US-India Initiative Proposes Measures to Strengthen India's Semiconductor Industry

US-India Initiative Proposes Measures to Strengthen India's Semiconductor Industry
In a bid to strengthen India's position in the global semiconductor value chain, the US-India Initiative on Critical and Emerging Technology (iCET) has released a report outlining key recommendations. The report emphasizes the need for collaborative efforts between the United States and India to advance semiconductor cooperation.
Among the recommendations is the creation of a pilot visa program to facilitate the exchange of skilled workers between the two countries. This initiative aims to support the semiconductor industry by ensuring a flow of talent and expertise. Additionally, the report suggests exploring partnerships under the CHIPS for America International Technology Security and Innovation Fund (ITSI) to further enhance collaboration.
To boost India's semiconductor-ready workforce, the report advocates for cross-sector partnerships with higher-education institutions. It also calls for ongoing consultation with stakeholders in the semiconductor industry to address challenges and foster growth.
The report, titled "Assessing India’s Readiness to Assume a Greater Role in Global Semiconductor Value Chains," was commissioned by the Semiconductor Industry Association (SIA) and the India Electronics and Semiconductor Association (IESA) under the iCET. It evaluates India's current semiconductor ecosystem and policy frameworks, offering insights to guide strategic development.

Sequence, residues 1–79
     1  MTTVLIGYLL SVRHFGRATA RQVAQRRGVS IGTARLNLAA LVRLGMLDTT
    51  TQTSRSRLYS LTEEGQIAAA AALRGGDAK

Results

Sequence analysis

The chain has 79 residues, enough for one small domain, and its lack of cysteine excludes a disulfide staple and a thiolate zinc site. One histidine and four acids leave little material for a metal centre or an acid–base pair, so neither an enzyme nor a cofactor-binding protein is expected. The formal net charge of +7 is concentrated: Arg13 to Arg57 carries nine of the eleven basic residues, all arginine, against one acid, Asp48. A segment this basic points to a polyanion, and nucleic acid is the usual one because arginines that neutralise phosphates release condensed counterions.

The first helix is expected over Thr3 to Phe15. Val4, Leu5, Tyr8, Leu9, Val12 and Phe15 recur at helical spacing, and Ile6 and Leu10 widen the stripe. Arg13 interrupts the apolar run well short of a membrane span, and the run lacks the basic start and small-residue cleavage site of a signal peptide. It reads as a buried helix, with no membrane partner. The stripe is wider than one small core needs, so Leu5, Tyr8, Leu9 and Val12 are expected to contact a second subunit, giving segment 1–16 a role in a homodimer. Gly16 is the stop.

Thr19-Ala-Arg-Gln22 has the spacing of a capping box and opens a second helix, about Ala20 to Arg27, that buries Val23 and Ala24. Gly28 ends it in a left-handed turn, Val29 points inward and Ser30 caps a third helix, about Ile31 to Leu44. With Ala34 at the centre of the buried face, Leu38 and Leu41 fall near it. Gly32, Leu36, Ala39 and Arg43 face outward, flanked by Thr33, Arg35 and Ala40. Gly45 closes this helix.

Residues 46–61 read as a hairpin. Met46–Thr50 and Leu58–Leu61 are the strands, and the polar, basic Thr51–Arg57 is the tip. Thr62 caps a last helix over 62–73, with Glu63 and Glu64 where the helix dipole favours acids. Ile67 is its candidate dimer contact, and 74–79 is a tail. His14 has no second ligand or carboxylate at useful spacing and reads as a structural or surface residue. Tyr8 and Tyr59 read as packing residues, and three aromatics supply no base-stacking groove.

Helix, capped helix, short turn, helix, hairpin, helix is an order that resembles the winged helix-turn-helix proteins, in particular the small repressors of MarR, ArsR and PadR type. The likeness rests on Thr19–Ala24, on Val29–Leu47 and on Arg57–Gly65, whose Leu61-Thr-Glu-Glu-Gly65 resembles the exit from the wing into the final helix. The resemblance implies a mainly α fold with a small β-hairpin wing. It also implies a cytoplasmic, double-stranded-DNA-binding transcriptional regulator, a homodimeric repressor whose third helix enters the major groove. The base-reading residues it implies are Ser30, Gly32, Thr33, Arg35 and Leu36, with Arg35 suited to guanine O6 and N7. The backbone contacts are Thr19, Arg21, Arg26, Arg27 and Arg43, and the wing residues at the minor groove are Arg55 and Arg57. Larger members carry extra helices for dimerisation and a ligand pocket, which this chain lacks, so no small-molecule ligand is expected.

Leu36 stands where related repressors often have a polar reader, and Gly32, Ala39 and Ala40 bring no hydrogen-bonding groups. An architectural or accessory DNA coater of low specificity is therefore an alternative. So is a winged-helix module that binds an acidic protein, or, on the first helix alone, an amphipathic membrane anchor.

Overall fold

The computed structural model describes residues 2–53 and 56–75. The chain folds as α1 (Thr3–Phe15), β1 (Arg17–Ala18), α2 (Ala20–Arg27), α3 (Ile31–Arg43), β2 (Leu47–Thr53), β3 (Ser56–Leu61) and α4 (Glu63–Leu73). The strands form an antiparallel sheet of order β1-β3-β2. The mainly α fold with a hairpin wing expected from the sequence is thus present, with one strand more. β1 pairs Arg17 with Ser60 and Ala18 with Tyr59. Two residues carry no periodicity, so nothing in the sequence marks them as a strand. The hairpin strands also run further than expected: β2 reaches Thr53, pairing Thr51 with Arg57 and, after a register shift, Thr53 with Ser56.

US President Joe Biden and Prime Minister Narendra Modi launched the iCET in May 2022 to enhance technological and defense cooperation between the two nations. The report identifies India's strong value proposition in the semiconductor industry and emphasizes the importance of favorable government policies.
The semiconductor industry, characterized by intense global competition, presents a significant opportunity for India to attract investment. The report recommends policy reforms to reduce the cost of doing business for semiconductor companies in India. This includes tax breaks for chip companies, streamlined customs administration, and expedited clearance times for imported goods.
John Neuffer, President and CEO of SIA, expressed confidence in India's potential, stating that with the right mix of government policies, the country's value proposition in the semiconductor industry can further strengthen. Ashok Chandak, President of IESA, highlighted India's expanding domestic market, developed design ecosystem, and supportive policies as key factors positioning the country for semiconductor manufacturing establishment.